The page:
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Forest conservation markets slowly turn to REDD

WASHINGTON -- As U.N. talks keep failing to agree how to raise money to protect forests, private investors are testing a trade in credits to slow the deforestation that emits as much carbon as all the world's cars, ships, trucks and planes.

French bank BNP Paribas is one of a handful of financial institutions and investment funds entering the risky but potentially lucrative market for REDD “credits” — units representing one ton of carbon dioxide not emitted because a forest was left standing.

Last September, BNP's commodities derivatives arm provided US$50 million to Wildlife Works, a conservation project developer designing a portfolio of projects to reduce deforestation and degradation (REDD) in Africa.

In that deal, BNP also acquired the rights to buy up to 1.25 million carbon credits over the next five years from Wildlife Works' flagship project in Kenya's Kasigau corridor.

This scheme aims to protect over 500,000 acres (202,400 hectares) of forest, secure a wildlife migration corridor between two national parks and bring sustainable benefits to local communities through education, jobs for rangers, and an “ecofactory” to produce organic cotton clothing.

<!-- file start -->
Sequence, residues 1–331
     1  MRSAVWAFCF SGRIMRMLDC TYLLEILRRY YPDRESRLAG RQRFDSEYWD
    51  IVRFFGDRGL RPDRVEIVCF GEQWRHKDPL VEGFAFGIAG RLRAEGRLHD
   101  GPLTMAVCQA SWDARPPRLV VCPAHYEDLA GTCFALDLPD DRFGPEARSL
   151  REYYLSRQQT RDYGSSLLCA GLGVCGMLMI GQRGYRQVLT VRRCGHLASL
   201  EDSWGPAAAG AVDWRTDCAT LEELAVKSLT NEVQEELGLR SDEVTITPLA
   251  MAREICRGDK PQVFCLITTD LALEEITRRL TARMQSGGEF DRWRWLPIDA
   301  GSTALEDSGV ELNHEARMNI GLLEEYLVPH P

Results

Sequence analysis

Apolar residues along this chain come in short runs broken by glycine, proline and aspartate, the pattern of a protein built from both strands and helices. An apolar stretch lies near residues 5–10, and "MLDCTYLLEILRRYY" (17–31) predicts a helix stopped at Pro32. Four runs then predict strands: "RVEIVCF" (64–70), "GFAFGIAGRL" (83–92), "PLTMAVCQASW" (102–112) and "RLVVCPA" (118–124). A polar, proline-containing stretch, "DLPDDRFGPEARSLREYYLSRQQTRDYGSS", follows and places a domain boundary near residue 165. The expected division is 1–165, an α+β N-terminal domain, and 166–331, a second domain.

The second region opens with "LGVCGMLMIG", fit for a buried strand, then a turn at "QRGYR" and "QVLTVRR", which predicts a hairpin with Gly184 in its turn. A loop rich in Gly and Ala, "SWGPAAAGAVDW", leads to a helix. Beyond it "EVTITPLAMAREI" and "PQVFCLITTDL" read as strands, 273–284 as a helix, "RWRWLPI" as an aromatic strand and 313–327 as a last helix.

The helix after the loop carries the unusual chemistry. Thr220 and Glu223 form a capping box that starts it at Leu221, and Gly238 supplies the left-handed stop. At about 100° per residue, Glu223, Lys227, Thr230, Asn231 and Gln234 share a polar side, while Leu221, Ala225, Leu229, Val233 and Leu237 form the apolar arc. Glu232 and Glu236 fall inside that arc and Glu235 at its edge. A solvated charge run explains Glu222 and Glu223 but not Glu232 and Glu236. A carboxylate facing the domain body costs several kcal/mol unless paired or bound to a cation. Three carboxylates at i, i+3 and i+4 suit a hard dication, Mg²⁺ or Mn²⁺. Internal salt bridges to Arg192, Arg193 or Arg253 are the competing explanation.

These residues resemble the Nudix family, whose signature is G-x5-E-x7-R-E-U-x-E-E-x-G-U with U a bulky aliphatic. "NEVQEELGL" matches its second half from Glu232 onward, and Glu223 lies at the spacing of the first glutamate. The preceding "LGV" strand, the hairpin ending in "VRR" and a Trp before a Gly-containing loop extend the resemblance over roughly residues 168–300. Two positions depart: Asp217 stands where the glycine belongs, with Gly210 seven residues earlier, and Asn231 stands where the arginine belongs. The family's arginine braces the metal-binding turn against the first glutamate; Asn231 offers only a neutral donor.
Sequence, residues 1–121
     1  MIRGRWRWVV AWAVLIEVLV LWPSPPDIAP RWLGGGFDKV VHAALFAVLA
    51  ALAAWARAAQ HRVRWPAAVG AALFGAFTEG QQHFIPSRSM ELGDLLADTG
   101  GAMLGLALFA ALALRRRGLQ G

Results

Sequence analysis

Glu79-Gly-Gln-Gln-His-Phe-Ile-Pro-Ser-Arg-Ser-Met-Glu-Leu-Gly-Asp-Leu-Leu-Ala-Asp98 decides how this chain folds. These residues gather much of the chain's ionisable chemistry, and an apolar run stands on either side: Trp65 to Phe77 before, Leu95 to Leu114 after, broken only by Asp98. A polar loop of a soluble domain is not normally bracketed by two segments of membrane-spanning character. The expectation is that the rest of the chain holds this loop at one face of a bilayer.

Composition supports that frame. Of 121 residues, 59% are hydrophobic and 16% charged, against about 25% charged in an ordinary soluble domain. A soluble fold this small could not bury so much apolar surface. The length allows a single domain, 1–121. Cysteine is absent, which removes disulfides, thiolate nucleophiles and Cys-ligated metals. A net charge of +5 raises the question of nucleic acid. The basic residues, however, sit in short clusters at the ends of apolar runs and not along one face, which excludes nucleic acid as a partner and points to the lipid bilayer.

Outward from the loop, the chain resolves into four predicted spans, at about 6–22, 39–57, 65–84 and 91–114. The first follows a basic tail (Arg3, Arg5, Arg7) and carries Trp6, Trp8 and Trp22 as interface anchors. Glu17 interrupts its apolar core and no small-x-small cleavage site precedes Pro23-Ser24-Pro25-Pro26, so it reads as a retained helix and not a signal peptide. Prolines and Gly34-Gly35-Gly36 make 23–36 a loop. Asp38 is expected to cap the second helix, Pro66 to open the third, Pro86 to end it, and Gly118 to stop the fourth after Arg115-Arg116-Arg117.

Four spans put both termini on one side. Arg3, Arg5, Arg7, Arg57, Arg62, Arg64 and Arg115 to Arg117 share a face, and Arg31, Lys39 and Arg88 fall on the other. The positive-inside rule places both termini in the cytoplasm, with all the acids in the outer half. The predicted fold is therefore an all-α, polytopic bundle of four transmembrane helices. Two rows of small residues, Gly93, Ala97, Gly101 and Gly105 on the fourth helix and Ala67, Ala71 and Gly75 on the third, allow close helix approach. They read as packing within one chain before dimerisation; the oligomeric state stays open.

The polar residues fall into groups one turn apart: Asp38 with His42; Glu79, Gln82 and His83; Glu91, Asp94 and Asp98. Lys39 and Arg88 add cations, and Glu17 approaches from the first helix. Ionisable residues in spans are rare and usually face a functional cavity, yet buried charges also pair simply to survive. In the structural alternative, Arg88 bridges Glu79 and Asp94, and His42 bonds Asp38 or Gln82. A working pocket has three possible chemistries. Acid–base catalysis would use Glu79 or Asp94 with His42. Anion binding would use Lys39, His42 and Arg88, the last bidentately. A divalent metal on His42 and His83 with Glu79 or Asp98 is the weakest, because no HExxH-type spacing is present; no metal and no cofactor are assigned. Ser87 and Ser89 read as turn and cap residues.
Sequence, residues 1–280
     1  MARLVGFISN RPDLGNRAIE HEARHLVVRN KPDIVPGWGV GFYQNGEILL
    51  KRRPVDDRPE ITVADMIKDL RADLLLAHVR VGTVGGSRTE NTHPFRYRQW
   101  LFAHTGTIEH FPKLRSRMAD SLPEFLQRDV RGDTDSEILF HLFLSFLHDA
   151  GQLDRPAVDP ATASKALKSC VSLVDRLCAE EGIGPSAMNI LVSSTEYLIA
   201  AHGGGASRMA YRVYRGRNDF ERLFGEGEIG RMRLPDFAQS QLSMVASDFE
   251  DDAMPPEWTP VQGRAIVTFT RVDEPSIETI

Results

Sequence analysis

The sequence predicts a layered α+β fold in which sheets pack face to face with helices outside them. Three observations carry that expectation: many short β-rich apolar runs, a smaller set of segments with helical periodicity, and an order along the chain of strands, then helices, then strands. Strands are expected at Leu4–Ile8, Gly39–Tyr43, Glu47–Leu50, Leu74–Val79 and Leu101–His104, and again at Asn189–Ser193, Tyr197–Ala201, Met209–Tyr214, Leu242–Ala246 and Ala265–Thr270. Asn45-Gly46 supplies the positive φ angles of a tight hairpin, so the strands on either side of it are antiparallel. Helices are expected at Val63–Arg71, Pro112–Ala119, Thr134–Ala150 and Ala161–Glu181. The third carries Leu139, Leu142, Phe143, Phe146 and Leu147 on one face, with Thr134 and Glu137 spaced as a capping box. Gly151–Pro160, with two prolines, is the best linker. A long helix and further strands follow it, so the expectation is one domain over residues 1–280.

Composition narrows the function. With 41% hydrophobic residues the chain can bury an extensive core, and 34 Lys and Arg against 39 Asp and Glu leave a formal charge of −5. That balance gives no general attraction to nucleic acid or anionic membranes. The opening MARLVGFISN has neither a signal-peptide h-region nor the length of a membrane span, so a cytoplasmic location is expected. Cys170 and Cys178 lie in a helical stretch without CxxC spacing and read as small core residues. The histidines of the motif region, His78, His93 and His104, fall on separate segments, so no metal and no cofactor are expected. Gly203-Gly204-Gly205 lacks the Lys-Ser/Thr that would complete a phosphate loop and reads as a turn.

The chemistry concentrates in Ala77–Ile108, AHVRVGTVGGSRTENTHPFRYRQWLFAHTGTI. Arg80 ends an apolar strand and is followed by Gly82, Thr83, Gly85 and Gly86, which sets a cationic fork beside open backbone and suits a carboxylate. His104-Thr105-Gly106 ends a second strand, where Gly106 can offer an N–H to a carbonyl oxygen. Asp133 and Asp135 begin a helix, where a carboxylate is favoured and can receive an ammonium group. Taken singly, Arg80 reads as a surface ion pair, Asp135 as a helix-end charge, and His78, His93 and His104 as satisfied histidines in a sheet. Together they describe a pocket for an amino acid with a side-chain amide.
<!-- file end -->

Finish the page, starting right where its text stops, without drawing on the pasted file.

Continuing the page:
But such carbon credits have only found demand in a small, thinly traded voluntary carbon market, as countries struggle to agree new, binding emissions cuts under U.N. climate talks where acrimony lingers after the failed Copenhagen summit in 2009.

“There is growing impatience with the multilateral process, not only from practitioners such as myself, but more importantly, from many forest countries themselves,” said Christian del Valle, environmental markets and forestry director at BNP Paribas.

“Thus far the multilateral process has not delivered meaningful on-the-ground results, and forests continue to be lost because the only accessible price signal today indicates they are worth more cut down than standing,” added London-based del Valle, who is driving the bank's investment in forest protection in Africa and Latin America.

A full U.N. climate deal could create a market through which rich polluting countries can buy carbon credits, paying for forest protection in the process, just as they pay for clean energy projects now under the Kyoto Protocol's existing carbon offset market, the Clean Development Mechanism (CDM).

So far the only demand for forest carbon credits has been in the voluntary carbon market, worth US$424 million last year, which lacks the binding rules that underpin the CDM.

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